Short primer on NFL owners voting on Super Bowl sites today

CHARLOTTE – The NFL and its 32 owners are in North Carolina today to vote on hosting duties for Super Bowls LIII (2019), LIV (2020) and LV in 2021.

Los Angeles is front and center, and is on the ballot to host either Super Bowl LIV or LV.

The proceedings are about to begin, but expect a full day process with announcements coming at approximately 6 p.m. Charlotte time – or 3 p.m. back home in Los Angeles.

Here is a quick primer on how the process will unfold:

The candidate cities are Atlanta, Los Angeles, New Orleans, South Florida, and Tampa Bay. NFL Senior Vice President of Events Peter O’Reilly and his group will open the proceedings by presenting an overview of each city’s bid.

Then, each city will have 15 minutes to make a presentation. In L.A.’s case, presenting duties will be handled by Wasserman Media Group CEO Casey Wasserman.

By the way, the owners and staff members of the teams from the cities under consideration are not present during this phase.

Upon completion of bid presentations, the owner from the team in each of the bidding cities will have up to five minutes to make a pitch for their city. After which, fellow owners will have an opportunity to ask questions.

At the end of the Q&A’s, voting will commence and will be televised live by NFL Network.

Here is the lineup of bids under consideration:

• Super Bowl LIII: Atlanta, New Orleans, South Florida, Tampa Bay
• Super Bowl LIV: Atlanta, Los Angeles, South Florida, Tampa Bay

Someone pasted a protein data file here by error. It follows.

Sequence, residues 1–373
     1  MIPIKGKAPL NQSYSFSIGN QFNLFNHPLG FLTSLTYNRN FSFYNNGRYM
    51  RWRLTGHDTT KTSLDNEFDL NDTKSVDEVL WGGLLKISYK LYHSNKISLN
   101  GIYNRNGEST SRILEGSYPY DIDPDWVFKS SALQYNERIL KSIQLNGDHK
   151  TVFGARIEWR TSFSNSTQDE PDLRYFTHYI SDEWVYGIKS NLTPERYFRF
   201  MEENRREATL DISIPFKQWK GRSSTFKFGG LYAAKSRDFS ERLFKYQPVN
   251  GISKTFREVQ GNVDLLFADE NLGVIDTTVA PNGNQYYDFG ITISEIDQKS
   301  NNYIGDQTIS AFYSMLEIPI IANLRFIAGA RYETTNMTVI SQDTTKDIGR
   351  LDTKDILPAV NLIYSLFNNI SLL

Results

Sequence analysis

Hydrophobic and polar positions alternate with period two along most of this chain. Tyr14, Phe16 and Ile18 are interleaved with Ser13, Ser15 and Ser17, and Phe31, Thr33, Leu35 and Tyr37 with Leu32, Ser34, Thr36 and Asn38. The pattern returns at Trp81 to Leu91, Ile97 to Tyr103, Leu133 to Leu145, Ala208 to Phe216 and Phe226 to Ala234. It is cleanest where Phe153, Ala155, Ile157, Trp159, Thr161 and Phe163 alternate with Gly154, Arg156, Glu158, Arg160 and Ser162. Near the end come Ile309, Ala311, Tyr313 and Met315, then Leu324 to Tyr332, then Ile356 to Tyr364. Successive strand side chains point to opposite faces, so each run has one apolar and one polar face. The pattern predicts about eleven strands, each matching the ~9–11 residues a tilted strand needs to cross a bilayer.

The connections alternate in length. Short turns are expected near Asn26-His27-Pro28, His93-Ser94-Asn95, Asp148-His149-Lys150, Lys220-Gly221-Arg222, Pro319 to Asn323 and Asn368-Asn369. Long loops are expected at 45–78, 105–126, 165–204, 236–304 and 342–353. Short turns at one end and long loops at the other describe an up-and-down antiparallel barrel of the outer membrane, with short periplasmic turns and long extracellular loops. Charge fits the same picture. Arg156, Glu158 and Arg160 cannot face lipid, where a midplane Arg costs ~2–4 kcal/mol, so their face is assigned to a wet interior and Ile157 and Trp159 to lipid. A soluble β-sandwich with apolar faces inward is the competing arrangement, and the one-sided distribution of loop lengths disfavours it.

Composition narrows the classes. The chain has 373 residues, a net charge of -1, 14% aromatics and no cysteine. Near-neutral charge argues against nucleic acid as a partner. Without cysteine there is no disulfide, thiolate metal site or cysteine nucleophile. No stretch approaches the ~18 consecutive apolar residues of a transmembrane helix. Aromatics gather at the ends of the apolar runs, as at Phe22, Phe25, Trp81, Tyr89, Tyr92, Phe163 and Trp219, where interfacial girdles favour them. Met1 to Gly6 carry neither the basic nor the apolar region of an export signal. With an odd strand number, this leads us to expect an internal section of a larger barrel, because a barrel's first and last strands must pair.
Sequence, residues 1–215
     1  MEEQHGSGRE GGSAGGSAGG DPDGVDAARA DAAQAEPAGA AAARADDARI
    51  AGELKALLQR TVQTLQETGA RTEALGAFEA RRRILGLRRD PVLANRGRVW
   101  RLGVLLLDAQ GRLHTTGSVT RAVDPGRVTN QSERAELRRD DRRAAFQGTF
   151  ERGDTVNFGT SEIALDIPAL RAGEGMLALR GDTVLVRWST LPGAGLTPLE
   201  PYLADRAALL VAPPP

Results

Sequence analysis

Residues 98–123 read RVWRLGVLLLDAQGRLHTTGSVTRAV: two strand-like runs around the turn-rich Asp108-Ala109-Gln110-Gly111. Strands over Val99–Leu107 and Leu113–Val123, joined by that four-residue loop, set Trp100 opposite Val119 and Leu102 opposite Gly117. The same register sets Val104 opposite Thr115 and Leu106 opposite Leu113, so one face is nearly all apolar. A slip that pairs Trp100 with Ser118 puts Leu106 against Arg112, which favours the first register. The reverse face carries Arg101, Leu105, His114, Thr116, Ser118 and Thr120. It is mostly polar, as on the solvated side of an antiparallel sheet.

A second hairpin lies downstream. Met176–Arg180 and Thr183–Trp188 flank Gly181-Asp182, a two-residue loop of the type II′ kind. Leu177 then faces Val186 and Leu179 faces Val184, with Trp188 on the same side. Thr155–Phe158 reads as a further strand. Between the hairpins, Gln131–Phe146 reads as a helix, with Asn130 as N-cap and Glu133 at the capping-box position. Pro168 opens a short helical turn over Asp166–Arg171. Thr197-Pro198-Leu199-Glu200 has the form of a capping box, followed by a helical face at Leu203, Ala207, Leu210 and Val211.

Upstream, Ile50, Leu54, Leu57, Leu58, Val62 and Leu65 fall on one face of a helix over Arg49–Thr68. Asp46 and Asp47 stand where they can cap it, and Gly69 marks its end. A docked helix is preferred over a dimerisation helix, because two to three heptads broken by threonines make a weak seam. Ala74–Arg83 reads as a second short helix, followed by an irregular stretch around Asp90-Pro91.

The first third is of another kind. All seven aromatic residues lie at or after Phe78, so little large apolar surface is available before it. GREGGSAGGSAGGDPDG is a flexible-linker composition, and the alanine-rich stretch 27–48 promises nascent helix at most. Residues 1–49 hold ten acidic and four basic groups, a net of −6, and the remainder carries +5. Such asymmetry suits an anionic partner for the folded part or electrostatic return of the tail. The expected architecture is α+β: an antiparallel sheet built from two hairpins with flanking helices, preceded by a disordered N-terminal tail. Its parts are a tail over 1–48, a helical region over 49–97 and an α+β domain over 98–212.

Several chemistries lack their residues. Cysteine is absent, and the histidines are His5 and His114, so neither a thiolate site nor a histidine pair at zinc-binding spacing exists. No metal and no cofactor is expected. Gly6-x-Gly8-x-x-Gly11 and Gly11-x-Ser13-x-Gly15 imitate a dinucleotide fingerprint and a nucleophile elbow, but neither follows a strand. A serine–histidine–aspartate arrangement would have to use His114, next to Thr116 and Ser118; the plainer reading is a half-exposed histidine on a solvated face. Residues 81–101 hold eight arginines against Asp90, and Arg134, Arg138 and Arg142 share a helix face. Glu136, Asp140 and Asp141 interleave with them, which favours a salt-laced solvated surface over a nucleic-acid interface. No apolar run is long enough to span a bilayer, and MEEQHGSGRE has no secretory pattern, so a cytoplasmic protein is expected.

• Super Bowl LV: Atlanta, Los Angeles, South Florida, Tampa Bay

Here are voting procedures:

Four Cities

• If in the first vote, one city does not receive the necessary 24 or more votes, the list of the eligible cities will be reduced to the top three plus ties for third, or if there are no ties for third, all cities within one vote of third.

• If after the second vote, no city has received the necessary 24 or more votes, the list of eligible cities will be reduced to the top two and any ties.

• There will be a maximum of one vote to achieve the necessary 24 or more vote for an award when the list is reduced to the top two and ties. If after one vote, no award has been made, the requirement to be selected will be reduced to simple majority vote. Voting continues until an award is made.

Three Cities:

• If in the first vote, one city does not receive the necessary 24 or more votes, Super Bowl voting procedures require a second ballot involving all three cities.

• If after the second vote, no city has received the necessary 24 or more votes, the list of eligible cities will be reduced to the top two and any ties.